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14/01/2014

Four Poems

Meghan Guss

The Oral Tradition

Some things are better left unsaid
he said, he knows a thing or two,
about unsaid things.  What,
I cannot say.  I cannot say
why, either because why
leads to because, why, I don’t know.
Where is this place of unsaid things?
Says who? Nobody will
tell me, I’ve said nothing,
nowhere.  They say what is
said is forgotten, I remember
hearing once, I remember he said
things are better, left unsaid,
I would not know.

Poet Lovers

They not only smell good, they’re a bouquet.
Their sweat is a passionate miasma,
a nectar, a syrup between the joints.
It is not a seduction, it is Zeus,

turned to a swan, taking Leda by force,
force turning to motion, potential and
kinetic, mechanical energy,
a cold fusion of pheromones.  It is

not sex.  It is a metaphor.  There are
tongues on things, on their secret places, on
turns of phrases.  They lick each other’s ess-
ence for glue to bond, to meld into one,

to seal envelopes holding odes for one
another, for the Gods of lovemaking.
They are body paragraphs expounding
the metaphysical exchange of  ink,

not fluids, a fountain, a pen dipping
the tip for a sonnet.  When they argue
they shout beyond each other to the trees
behind them that bend and sway to the breath

of God, or whatever.  The trees are more
than just trees, they hold ripe pomegranates
heavy and bursting blood red juice on to
a glossy white unicorn, chained beneath

the boughs, corralled, surrounded by plants that
make women fertile.  The unicorn is
a symbol for Christ; it is hunted down
with wit, seduced into the poet’s lap

for slaughter.  The plants reconcile love
and marriage, the poets pluck and pumice,
to create the muse, to craft dynasties
of images, and then a pregnancy

of pauses.  They are pretty flowers; some
are distilled in goats milk or mixed with ox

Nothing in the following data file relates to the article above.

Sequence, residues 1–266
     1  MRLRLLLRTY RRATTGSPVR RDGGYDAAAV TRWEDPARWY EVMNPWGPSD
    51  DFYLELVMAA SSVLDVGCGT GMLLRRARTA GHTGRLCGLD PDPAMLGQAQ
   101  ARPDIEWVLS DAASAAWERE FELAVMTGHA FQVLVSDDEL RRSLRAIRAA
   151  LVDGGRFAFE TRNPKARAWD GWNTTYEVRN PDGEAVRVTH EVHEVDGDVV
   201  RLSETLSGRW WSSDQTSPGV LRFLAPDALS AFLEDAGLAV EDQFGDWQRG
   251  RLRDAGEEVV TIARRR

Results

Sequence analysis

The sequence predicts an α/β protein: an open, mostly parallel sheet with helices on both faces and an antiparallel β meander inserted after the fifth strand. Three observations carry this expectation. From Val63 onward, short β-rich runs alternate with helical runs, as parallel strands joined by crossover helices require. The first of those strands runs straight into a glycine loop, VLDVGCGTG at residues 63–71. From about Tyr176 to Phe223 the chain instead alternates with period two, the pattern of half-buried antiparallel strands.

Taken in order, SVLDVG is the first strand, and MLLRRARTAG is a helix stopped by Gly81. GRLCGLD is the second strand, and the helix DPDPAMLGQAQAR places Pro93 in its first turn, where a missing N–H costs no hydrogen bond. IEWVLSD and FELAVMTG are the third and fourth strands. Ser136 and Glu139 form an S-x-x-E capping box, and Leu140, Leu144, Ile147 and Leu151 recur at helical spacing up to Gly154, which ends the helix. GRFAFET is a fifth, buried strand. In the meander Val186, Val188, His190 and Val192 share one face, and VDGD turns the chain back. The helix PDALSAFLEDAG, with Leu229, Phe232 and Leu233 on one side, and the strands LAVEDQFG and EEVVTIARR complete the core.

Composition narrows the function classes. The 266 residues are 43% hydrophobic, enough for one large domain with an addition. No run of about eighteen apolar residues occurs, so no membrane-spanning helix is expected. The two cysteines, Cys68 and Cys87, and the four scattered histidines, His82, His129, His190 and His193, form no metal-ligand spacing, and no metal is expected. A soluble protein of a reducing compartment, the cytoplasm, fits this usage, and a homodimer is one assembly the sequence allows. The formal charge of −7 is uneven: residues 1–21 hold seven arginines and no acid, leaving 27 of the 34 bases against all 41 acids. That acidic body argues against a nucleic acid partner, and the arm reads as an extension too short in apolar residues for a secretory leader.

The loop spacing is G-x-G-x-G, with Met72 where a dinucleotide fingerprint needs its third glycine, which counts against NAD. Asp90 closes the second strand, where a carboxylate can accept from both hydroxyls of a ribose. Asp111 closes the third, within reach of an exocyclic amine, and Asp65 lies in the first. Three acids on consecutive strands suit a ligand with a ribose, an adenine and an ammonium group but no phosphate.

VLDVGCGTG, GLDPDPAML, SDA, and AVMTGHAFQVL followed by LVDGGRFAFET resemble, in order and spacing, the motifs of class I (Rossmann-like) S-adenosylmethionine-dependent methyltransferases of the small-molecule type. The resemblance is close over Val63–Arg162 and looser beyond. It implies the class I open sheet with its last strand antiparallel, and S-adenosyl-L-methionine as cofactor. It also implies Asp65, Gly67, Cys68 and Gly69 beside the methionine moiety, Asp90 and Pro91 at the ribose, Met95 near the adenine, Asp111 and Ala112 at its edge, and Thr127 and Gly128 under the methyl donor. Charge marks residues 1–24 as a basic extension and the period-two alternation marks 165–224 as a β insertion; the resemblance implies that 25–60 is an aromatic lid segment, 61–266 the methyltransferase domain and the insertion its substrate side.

dung and treat gout, snakebites, baldness, breathing
problems.  And yes, they can cure nausea.

Because between their poet thighs are rose
buds blossoming and quivering stamen,
pollen all over their faces, in their
mouths, swallowing it, breeding within them

little baby poems, the progeny,
the food for thoughts, concepts growing in their
minds, feeding on their vision, malignant,
trapped, written with a scalpel to the head.

Iowa

I would go on long drives, the windows down, the air
louder than the radio, smoking and thinking
about all the people here that have died in car crashes,
and then about me dying in this car, and then about my funeral,
and how so many people would miss me, my friends
sobbing and reading out all my poems at the podium,
my father playing his sad French horn, my mother
silent and stoic with grief.

I’d think about black ice on the road, greasy and grim,
waiting to throw my parents off the road to their deaths.
I would drive and think about being an orphan,
finally having a reason for feeling alone.  I thought about the piano,
who would get the piano.  I thought about how I grew up
sitting at that piano, staring into it, the black lacquer shining
my reflection, getting older and older, the music getting harder,
more sophisticated, my fingers stretching and aching and I’d pound
on the keys and scream, my forehead pressed up to the piano, my eyes
raging at my black lacquer eyes.

Sinkhole

One minute a man is sleeping, then the minute shifts
and drops
like a marble into a funnel
and descends, circling round
the empty bulb of the hourglass cavern
beneath his bed, formed over
hundreds of years,
a trickle of material
from top
to bottom.

The slow void of the hour migrates
to the surface, to what’s left
of surface, the marble minute spinning
down the neck. Then all is swallowed,
the bed, the clothes, the books, the man.

Now I sleep as if I, too, am suspended
over the shape of a voluptuous woman,
each vitamin and mineral burning out
space, the bulb of the hourglass hollowing,
until I dream of perfect circles,
of open mouths.

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